Saturday, 25 April 2015

Old Coles Building Takes Many Memories With It

Once developers have finished their demolition work, the former Coles building in Townsville’s central business district will be little more than a twisted pile of rubble and steel on a vacant city block.
Former Coles Building, Sturt Street Townsville, 1959.
Photo:  CityLibraries Townsville Local History Collection.

The erasure of this building from the cityscape takes 80 years of Townsville’s commercial history with it, but in the hearts of many, the memories of the building’s early life will live on.

Occupying a block of land with frontage to both Flinders and Sturt Streets, the site has been home to a number of commercial tenants over the years, including Burns Philp & Co. Ltd, Penneys Ltd. and Coles Pty Ltd.; but it is the original occupants - the Heatley family - that are remembered with fondness by many north Queenslanders.

The three-storey building was constructed in 1935 for F. Heatley & Sons Pty Ltd in order to cater for the significant growth the firm was experiencing.

The patriarch of the Heatley family was an Irishman named Francis Heatley, who settled in Townsville in 1880 and later that decade started a small business manufacturing and selling household furniture, with a branch of the business devoted to undertaking.
F. Heatley & Sons building, Flinders Street frontage, 1943.
Photo: CityLibraries Townsville Local History Collection.

The Flinders Street frontage of the Heatley building was a furniture emporium with no less than eleven display windows, which perfectly showcased the firm’s expertly crafted furniture, all of which was built from north Queensland silky oak and maple.

In 1936 the employees of F. Heatley and Sons Pty Ltd held their first staff dance in the recently completed building. Held on a Wednesday night in May, the dance was attended by about 300 staff and guests, who assembled in an upper storey of the new building for the function.
F. Heatley & Sons staff dance, 1936.
Photo: Townsville Daily Bulletin.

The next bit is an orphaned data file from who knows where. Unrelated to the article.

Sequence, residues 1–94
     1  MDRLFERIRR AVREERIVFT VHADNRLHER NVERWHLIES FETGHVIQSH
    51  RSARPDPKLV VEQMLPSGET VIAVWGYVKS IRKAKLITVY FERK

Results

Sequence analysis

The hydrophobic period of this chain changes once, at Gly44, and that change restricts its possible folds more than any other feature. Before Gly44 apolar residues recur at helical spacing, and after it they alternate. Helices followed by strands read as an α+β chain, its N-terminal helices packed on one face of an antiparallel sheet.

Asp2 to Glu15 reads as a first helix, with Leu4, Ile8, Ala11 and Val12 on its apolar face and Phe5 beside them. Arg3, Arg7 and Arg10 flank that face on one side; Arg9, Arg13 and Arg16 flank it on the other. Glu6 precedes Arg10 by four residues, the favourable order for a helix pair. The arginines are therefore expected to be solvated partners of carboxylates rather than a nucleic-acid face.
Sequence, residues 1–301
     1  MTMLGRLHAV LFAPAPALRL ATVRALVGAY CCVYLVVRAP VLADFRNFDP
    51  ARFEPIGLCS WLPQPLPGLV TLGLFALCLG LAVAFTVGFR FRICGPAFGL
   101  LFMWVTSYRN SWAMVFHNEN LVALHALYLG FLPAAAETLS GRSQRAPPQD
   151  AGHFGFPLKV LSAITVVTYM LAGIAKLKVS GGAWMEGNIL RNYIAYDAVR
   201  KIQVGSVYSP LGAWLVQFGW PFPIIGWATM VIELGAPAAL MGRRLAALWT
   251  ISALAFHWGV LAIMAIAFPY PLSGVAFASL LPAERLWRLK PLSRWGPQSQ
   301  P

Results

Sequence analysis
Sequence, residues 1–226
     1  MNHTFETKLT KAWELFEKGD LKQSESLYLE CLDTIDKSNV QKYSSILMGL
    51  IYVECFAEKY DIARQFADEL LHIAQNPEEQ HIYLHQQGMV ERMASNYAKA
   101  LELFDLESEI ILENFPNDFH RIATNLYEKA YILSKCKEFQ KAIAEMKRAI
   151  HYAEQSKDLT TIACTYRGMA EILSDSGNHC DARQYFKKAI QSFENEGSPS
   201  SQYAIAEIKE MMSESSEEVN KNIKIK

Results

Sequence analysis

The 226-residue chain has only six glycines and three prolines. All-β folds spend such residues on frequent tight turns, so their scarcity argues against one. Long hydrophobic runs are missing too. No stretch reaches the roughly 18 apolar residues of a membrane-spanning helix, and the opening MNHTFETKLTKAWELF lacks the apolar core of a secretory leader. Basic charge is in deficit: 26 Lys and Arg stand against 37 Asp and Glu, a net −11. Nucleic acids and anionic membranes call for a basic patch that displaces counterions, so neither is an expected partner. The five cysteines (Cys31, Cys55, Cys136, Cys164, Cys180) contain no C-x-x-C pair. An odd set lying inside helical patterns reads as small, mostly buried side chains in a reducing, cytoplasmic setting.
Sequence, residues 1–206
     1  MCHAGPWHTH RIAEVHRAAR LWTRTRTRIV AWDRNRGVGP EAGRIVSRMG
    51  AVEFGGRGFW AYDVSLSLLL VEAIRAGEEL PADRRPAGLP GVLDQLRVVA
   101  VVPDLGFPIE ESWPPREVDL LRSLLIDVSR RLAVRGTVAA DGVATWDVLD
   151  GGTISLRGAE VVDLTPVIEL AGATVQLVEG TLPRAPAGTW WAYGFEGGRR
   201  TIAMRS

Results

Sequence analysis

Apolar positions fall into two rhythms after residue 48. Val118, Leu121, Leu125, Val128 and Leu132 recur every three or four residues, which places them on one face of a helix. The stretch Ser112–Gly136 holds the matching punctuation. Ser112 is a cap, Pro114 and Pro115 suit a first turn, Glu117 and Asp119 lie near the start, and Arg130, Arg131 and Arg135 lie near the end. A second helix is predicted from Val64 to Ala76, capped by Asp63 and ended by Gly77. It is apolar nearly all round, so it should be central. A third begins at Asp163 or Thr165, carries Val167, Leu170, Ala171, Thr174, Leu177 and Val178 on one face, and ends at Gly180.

According to the Townsville Daily Bulletin, the “spacious ballroom” was a sight to be seen, and had been “gaily decorated” for the occasion in shades of gold and red, the official colours of the Heatley firm. 

Streamers were draped in canopy effect from each end of the ballroom to the centre and “multi-coloured balloons were clustered around each massive pillar, flags draped the end walls, and myriads of tiny coloured lights were suspended around the hall”.

“Vic Foley’s Arcadian Orchestra of five players supplied the dance music, which was enjoyed by all.”

“A dainty supper was arranged at the end of the building, the centre of the tables being decorated with vases containing flowers of gold and red.  Altogether the scheme of decorations and the arrangement of the supper reflected great credit on the committee responsible.”

In a speech on the night, Mr W.J. Heatley, who took over as head of the family business after the death of his father Francis in 1928, said that “what particularly pleased him was the harmony which was displayed between the members of the staff, both shop and factory”.

“All had worked harmoniously in making the dance worthy of their firm, each realising it was their own dance in their own buildings, and priding themselves on this fact,” Mr Heatley said.

After the speeches were over, the dancing continued until 2am, when the evening ended with a rendition of “Auld Lang Syne”.

The building was a popular dance hall in the late 1930s and throughout the Second World War.

Thursday, 23 April 2015

West End Cemetery Pioneers - Thankful Willmett